Most extraordinarily, my muscle mass went “BAM!”. I have never been particularly muscular — especially upper body strength; I was always a runner — but something is definitely changing.
Chest, pectoralis major, exploded and some of the fluffy man-boob kind of flesh disappeared; my shoulder muscles (deltoid, I believe) got ripped; my triceps, long since enhanced from all those arm balances and Chaturanga Dandasanas, got actual enhanced curves to them; my biceps grew (but perhaps that’s merely from lifting more weights and doing pull-ups…); most extraordinarily, without any endurance training or running, my quadriceps (rectus femoris?) got slim and lost some of its prior flesh-iness. And I lost about 5kg. I now weigh only 3kg more than I did at age 20 — but with plenty more muscle than that scrawny little guy.
Aaaaaand, initially I ran straight into the protein-nitrogen hyperammonemia problem.
About two weeks in, I first noticed that after heavy workout my sweat would smell strongly of ammonia. What in the world was this?
Turns out, it’s a common trap to hit when you’re starving the body of carbohydrates but don’t get enough fat (see here or here). As far as I understand, it’s a fail-safe detoxification reaction: when a fat-adapted body runs out of fat under intense stress, it turns to other available nutrient, protein. Except that breaking down protein for fuel releases nitrogen, which the liver turns into urea, which we usually just pee out later. But, during high intensity exercise, the liver can’t keep up — and sounds the emergency alarm that excretes the additional toxins through the skin.
“Ammonia comes from nitrogen, nitrogen comes from protein. If you’re smelling ammonia, you may be consuming too much protein.” — Tara @ Hip2Keto
I estimated my macros of previous days and noticed that my protein-fat balance was off: I was getting less than 60% of calories from fat, with the rest being protein.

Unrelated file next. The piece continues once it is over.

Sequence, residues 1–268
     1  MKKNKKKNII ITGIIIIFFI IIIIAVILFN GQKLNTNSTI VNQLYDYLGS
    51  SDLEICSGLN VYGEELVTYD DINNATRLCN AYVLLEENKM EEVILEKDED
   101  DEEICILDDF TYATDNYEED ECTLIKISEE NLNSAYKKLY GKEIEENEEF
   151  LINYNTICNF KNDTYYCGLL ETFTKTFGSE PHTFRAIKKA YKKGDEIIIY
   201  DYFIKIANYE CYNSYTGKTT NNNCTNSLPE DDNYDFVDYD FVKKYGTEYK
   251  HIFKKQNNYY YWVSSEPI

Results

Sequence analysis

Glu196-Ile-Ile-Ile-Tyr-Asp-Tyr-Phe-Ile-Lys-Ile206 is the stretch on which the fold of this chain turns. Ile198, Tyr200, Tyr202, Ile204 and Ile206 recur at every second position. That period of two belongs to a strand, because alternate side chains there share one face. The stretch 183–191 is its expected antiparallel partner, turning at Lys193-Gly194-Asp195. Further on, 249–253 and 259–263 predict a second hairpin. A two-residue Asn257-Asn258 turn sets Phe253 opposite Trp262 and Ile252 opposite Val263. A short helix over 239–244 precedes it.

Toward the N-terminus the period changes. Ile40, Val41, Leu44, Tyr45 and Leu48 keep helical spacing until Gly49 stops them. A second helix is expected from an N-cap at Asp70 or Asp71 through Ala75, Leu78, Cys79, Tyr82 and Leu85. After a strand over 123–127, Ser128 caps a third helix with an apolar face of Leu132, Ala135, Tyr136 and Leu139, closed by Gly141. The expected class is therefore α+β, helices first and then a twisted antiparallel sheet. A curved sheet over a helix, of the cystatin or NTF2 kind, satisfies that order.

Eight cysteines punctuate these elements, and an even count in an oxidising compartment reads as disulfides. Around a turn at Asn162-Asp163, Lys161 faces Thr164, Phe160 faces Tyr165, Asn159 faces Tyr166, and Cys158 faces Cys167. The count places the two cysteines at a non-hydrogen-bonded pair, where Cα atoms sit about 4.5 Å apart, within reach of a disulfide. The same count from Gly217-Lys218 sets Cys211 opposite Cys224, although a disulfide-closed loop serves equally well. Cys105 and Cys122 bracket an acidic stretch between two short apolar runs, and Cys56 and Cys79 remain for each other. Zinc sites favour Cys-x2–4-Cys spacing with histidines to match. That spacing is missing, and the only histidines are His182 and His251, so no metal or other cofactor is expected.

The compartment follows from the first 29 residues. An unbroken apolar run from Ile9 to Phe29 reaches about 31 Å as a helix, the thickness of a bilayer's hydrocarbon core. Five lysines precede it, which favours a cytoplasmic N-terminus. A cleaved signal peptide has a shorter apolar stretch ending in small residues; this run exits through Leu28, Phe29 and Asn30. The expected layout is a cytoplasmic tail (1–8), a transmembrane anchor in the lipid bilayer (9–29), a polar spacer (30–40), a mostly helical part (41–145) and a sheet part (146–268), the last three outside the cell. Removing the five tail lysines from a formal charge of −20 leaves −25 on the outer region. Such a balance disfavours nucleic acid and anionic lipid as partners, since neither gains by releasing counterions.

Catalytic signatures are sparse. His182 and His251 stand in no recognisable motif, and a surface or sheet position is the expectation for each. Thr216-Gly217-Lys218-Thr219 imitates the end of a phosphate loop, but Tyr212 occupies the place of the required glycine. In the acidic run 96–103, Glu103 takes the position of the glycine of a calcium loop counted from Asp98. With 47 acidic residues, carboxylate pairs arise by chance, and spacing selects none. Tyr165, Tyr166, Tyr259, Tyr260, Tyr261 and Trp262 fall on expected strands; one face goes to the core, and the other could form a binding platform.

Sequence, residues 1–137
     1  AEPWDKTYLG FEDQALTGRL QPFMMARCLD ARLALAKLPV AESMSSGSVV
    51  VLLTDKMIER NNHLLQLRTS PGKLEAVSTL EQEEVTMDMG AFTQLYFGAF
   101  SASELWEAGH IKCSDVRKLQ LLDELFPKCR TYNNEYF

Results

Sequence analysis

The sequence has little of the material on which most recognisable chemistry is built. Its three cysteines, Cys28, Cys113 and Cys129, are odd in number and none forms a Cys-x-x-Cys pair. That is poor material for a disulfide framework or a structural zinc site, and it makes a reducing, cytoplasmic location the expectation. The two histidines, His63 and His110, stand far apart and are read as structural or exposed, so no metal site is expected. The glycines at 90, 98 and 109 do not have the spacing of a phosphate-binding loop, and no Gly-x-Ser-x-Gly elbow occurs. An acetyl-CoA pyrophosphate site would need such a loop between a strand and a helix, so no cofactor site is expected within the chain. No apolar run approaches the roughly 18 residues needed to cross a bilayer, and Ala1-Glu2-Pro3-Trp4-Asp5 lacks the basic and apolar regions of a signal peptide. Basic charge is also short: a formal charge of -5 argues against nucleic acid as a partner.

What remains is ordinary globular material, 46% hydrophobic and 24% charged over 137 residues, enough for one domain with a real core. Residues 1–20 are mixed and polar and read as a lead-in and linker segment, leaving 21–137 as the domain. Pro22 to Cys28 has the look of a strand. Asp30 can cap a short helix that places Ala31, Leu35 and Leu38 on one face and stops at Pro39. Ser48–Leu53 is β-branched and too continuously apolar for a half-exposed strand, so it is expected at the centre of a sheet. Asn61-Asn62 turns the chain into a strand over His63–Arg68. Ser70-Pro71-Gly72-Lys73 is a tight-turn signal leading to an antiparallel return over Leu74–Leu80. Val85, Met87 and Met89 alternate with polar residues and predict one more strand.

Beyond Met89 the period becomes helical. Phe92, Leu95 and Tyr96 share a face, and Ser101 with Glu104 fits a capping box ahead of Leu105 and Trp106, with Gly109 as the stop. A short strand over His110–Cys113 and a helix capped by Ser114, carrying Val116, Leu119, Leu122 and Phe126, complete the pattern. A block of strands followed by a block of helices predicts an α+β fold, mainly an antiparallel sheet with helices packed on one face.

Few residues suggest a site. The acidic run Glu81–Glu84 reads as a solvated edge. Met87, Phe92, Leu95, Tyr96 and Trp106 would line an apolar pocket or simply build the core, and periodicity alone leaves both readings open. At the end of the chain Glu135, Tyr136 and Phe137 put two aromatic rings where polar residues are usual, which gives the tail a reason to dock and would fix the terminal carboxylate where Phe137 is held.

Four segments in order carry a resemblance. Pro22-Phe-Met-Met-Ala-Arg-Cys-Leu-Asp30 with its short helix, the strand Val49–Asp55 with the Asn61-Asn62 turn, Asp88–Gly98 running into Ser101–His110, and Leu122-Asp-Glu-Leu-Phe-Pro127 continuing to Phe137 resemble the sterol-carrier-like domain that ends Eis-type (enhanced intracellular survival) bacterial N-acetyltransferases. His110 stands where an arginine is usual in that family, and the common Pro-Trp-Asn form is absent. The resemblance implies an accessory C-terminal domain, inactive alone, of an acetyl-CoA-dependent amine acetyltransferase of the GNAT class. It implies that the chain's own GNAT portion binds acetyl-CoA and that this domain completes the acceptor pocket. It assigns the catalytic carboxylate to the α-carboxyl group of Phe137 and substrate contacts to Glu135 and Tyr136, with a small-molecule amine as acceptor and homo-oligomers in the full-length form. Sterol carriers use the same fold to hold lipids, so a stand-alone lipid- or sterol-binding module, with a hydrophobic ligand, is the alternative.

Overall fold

So I upped the fat-intake (mostly dairy, so far, but also a more careful selection of meat) and monitored my macros for three days, making sure that my calorie count from fat was safely in the 75%+ range. I also made sure to drink more water, especially during workout. Earlier this week, after another heavy one, I noticed a larger quantity of sweat than before — a good sign, I suppose — but afterwards the sweat stains on my t-shirt no longer smelled of ammonia (and the rest of my clothes carried only a faint ammonia whiff). And yesterday, they were entirely gone.
By adding a bunch of dairy that I know purists don’t approve of—butter (on steak and in my coffee), cream cheese and matured cheeses like gouda or high-quality cheddar — I’ve significantly upped the fat ratio. On meat alone, I’m actually struggling to get over that 70%-fat threshold.
In the last few days I also added cream into my morning coffee for yet more fat (and doubled the amount I use in my weekly liver/bacon/bone-broth stew). Unlike hard cheese, cream doesn’t seem to sit very well with my digestion — and my faeces started smelling suspiciously bad. OK, then: cream’s gotta go. (For metabolic or chemical reasons I don’t understand, that doesn’t happen with the cream I cook in my stew).
An average day now includes about 60g of cheese, about 30g of butter (plus some for frying), 50g of smoked lamb, 5–6 eggs, about 200g of bacon, and 300–500g of a main meat of some kind — slow-cooked lamb, lamb heart, beef mince with broth or ribeye, as well as fish (Salmon, Cod, or Arctic Char) about twice a week. In total, that amounts to around 3,000 calories, 200g of protein and 240g of fat — a little over 70% of calories from fat.
Lots of more to say on this, but it’ll do for now.